Sandia LabNews

Sandia continues to boost NM economy through business programs

Sandia National Laboratories Economic Impact report cover

To download a PDF version of the 2014 Sandia National Laboratories Economic Impact report, go here.

Sandia spent nearly a billion dollars on goods and services in fiscal year 2014 and New Mexico businesses received more than 38 percent of the total, according to the Labs’ latest economic impact report.

Of the total of $961.8 million Sandia spent last year, New Mexico businesses received $362.4 million. US small businesses were awarded more than 47 percent, or $455.7 million in Sandia contracts, and New Mexico small businesses received $240.6 million, or 53 percent of the small business total.

While total spending and spending with small businesses and New Mexico businesses all declined compared to FY13 — by $12.8 million, $58.6 million, and $46.5 million, respectively — “Sandia remains a driving force in New Mexico’s economy,” says Don Devoti, manager of Small Business Utilization Dept. 10222. “We continue to set aggressive small business and supplier diversity goals and work diligently to meet or exceed those goals.”

Small businesses, diverse suppliers wanted

Sandia reaches out to local businesses through a variety of programs. It holds public forums with suppliers and civic leaders to discuss contracting opportunities and lists contracts on its Business Opportunities website. It supplies small and diverse business owners with information on doing business with Sandia and seeks qualified suppliers.

The 2014 Sandia National Laboratories Economic Impact report breaks down Sandia’s spending and spotlights its role in the economy. The 2014 data, reflecting actual payments made, are based on the fiscal year from Oct. 1, 2013, to Sept. 30, 2014. The report demonstrates Sandia’s continued commitment to small business.

Sandia’s overall economic impact in 2014:

  • $1.6 billion was spent on labor and non-contract-related payments.
  • $961.8 million went to contract-related payments.
  • $61.5 million went to the state of New Mexico for gross receipts taxes.
  • $71.9 million was spent through procurement card purchases.

The Small Business Act mandates that federal contractors use small businesses, including those that are small disadvantaged, owned by women or veterans and service-disabled veterans, and small businesses in impoverished areas — called Historically Underutilized Business (HUB) zones. The Small Business Utilization Department oversees those mandates and negotiates small business subcontracting goals with NNSA.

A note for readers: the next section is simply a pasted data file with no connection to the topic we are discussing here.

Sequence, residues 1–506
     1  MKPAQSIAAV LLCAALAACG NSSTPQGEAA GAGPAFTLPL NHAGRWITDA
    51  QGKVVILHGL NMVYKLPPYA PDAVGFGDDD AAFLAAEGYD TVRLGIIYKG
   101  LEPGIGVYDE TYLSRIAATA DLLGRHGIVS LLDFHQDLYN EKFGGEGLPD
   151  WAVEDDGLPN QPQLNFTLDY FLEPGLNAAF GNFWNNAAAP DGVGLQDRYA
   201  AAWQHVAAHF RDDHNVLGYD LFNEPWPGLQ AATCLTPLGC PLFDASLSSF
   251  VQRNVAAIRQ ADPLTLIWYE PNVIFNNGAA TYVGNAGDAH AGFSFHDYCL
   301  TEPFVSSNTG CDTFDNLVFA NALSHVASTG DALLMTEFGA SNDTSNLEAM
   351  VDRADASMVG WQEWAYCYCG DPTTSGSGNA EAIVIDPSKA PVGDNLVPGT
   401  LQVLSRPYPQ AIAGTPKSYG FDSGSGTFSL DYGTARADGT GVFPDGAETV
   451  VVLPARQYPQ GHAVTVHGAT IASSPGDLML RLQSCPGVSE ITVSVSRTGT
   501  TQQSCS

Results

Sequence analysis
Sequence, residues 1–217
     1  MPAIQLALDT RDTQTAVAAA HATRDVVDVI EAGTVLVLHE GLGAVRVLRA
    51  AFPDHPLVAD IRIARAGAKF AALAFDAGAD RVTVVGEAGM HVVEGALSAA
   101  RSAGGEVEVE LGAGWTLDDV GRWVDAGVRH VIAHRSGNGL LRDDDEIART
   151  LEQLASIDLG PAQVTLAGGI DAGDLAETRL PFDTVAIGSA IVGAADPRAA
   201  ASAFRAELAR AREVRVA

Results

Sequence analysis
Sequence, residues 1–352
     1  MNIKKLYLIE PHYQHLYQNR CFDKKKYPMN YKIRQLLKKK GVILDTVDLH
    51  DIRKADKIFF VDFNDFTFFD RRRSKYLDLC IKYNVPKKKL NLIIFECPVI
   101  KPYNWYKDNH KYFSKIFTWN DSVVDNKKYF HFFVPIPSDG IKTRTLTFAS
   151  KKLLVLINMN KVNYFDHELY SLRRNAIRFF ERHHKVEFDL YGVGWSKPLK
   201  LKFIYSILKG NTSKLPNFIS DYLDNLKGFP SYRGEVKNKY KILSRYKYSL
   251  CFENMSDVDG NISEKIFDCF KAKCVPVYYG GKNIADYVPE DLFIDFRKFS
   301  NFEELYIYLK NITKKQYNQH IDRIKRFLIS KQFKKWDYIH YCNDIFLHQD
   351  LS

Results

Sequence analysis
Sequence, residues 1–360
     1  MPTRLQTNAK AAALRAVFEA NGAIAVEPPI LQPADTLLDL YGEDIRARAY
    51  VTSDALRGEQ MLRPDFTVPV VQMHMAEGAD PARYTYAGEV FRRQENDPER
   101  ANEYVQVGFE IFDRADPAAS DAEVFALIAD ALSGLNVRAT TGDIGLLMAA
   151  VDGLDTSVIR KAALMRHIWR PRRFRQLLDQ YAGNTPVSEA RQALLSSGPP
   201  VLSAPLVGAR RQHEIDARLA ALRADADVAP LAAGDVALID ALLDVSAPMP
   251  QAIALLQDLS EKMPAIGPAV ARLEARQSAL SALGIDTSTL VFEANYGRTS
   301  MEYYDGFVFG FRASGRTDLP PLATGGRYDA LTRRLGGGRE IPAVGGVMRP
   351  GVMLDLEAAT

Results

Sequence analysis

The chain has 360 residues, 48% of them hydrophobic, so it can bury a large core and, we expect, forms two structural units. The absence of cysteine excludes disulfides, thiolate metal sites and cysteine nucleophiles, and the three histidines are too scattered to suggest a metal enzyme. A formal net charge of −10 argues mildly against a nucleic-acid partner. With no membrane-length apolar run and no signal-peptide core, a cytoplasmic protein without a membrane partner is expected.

“Looking ahead to FY15, Sandia procurement and our small business team are driven to exceed all our negotiated small business and supplier diversity goals, the standard by which our program is measured,” Don says. “We will continue to build upon our successes with HUBZone, veteran, service-disabled, and small disadvantaged businesses, where we exceeded our goals last year, to drive future success.”

Sandia President and Laboratories Director Paul Hommert echoed the Labs’ full support of the Small Business Act. “Sandia has a long and distinguished record of encouraging and partnering with highly qualified, diverse small business suppliers who assist us in achieving our national security mission,” he says. “We are fully committed to continuing this track record.”

Sandia also helps the state’s economy through the New Mexico Small Business Assistance (NMSBA) program, established by the state Legislature in 2000 to help companies receive technical support from the Labs. In 2013, the Sandia NMSBA provided $2.4 million in technical assistance to 194 New Mexico small businesses in 29 counties. Since 2000, it has provided more than $26 million in assistance.

Sandia employees gave more than $6.2 million in 2014-2015 to the United Way of Central New Mexico, making Sandia the largest corporate contributor to the agency. That will be reflected in the 2015 economic impact report.

Sandia employees also contribute their time as volunteers, supporting STEM (science, technology, engineering and math) education through a variety of community programs, such as family science and math nights and engineering challenges, that reached thousands of students.